High Court holds that legal advice privilege extends only to correspondence with lawyers


In a decision handed down on 14 October, the High Court (in judicial review proceedings) has confirmed that legal professional privilege (LPP) belongs only to clients of lawyers and not to clients of accountants even where the subject matter or advice given was the provision of tax advice. In consequence where documents brought into existence for the purposes of obtaining and giving legal advice enjoy the protection of LPP and may not be disclosed to third parties when the advice is given by a solicitor or barrister, the same is not true of such documents created for and by an accountant for the purpose of giving tax advice. The decision does not affect the position on litigation privilege.

Full disclosure of documents enables the Court to be properly informed and thereby promotes the administration of justice. Lawyers have a primary duty to the Court and to promote this objective. However, LPP is a common law right that was developed in order to protect the rights of individuals to obtain legal advice in confidence, subject strict limits. LPP extends privilege to documents created for the purpose of receiving advice to ensure clients are able to make full disclosure of the facts and circumstances to their legal advisers. There is a long line of cases which have limited LPP to lawyers for this reason.

In the context of the an enquiry made by HM Revenue and Customs ('HMRC') into a taxpayer's return, HMRC may not obtain any privileged material either from the taxpayer or from a third party about the taxpayer where the material in the hands of the third party remains privileged.

The Facts of the Case

HMRC issued two notices (under section 20(1) and 20(3) of the Taxes Management Act 1970, provisions since superseded by Schedule 36 to the Finance Act 2008) to Prudential seeking documents relating to a widely marketed tax avoidance scheme. Because of the intrusive nature of such notices, HMRC required permission from the Special Commissioners (as they then were). Notices could only be issued under these provisions where HMRC reasonably believed that the documents sought might be relevant to the tax liability of the taxpayer. Prudential sought judicial review of the decision to issue the notices on the grounds that (i) the documents sought were protected by LPP and (ii) that the information sought did not on any reasonable ground contain information relevant to the taxpayer's liability to tax.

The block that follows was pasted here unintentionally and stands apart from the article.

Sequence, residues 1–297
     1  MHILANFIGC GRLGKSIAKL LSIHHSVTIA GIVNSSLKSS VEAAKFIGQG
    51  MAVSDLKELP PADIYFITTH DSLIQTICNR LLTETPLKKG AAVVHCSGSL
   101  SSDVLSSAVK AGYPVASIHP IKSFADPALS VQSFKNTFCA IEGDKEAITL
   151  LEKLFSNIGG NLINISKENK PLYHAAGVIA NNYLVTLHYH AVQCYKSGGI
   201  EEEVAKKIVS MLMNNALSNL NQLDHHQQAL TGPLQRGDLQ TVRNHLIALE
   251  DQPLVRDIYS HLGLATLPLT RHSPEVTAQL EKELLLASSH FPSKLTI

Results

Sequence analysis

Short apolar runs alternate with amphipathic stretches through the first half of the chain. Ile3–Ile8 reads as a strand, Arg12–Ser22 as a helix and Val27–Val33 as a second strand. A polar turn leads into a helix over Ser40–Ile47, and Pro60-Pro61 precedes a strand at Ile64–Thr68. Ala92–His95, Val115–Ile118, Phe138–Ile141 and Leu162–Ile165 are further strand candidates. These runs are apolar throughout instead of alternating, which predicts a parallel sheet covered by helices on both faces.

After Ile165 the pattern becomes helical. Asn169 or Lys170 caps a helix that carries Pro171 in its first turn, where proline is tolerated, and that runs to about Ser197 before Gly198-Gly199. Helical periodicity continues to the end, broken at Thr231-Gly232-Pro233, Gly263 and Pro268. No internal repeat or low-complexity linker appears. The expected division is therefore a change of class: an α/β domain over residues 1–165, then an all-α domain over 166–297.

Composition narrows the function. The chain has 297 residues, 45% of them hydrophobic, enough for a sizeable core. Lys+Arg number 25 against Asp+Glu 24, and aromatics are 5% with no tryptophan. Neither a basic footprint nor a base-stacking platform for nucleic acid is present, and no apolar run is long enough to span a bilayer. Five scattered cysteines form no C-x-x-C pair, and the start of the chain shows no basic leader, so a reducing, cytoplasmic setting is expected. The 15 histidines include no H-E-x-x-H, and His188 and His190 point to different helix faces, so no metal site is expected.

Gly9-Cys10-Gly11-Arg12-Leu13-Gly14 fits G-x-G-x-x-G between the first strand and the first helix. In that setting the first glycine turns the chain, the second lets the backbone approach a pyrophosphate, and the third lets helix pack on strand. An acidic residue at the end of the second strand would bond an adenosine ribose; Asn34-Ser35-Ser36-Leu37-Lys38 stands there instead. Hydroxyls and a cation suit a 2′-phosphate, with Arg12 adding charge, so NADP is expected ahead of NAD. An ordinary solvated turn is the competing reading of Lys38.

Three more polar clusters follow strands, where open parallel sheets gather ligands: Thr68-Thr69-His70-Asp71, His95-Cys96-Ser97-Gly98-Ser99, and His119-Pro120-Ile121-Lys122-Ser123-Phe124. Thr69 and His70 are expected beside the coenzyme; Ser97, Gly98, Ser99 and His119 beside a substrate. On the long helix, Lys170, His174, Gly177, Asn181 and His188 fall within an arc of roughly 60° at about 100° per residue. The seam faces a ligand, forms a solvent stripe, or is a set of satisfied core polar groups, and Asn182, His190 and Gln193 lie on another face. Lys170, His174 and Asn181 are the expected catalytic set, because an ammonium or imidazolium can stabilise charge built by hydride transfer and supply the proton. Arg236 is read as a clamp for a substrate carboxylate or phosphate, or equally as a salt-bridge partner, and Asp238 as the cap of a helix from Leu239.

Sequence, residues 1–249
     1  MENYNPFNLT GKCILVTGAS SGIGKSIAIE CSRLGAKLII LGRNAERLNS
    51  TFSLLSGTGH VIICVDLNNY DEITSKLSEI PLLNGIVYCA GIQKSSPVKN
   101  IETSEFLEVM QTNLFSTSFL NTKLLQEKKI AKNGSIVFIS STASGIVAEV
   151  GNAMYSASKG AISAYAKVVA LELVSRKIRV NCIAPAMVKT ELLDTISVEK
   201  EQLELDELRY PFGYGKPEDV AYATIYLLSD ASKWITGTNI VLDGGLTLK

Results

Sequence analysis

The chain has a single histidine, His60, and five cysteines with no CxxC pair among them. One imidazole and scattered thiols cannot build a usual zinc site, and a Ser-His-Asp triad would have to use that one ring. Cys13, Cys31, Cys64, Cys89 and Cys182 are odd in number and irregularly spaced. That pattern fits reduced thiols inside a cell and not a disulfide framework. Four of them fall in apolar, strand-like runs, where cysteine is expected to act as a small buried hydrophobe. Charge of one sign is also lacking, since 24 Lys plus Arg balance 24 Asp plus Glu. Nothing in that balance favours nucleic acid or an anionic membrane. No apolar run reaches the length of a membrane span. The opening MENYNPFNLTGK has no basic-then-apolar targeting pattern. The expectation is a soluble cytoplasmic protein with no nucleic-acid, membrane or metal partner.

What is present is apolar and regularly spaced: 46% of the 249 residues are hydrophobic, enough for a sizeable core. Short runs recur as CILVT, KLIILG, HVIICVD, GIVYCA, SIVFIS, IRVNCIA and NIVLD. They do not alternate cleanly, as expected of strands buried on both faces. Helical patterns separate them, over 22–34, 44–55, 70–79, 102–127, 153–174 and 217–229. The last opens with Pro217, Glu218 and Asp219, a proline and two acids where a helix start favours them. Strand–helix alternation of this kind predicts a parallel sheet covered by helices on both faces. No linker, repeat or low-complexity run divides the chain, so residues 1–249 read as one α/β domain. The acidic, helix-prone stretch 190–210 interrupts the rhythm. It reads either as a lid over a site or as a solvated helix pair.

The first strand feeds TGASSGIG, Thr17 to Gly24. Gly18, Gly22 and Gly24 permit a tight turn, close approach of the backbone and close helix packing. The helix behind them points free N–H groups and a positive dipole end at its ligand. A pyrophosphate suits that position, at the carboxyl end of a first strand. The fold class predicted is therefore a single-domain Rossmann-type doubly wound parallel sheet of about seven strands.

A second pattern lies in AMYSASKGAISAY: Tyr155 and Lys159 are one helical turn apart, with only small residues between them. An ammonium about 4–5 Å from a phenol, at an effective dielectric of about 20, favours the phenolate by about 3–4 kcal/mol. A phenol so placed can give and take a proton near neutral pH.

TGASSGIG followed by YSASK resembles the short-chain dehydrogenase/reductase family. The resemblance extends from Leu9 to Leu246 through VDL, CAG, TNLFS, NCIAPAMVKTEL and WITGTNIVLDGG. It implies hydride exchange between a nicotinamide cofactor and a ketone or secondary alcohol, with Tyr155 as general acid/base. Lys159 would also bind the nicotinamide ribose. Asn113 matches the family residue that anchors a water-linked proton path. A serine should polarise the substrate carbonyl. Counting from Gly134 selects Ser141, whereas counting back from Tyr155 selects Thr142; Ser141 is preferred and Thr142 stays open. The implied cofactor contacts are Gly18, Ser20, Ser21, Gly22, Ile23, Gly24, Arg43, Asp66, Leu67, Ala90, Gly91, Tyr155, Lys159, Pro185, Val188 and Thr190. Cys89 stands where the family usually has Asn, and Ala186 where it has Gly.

The appeal therefore turned on two questions:

  • Whether LPP extends to clients obtaining skilled legal advice about tax law from an accountant as opposed to a lawyer; and
  • Whether the material sought was "relevant" to determining Prudential's tax liabilities.  

Decision: Legal Professional Privilege

Charles J held that he was bound by judicial precedent to find that LPP was only available to clients of lawyers and not accountants. He held that the Courts have unequivocally indicated that LPP is linked to the legal profession and not just to the purpose and nature of the advice and assistance sought. Accordingly, it does not attach to tax advice provided by accountants, despite the fact that it is legal advice. He acknowledged that:

  • Advice on tax issues is advice on law and that 'in modern conditions, firms of accountants give such advice'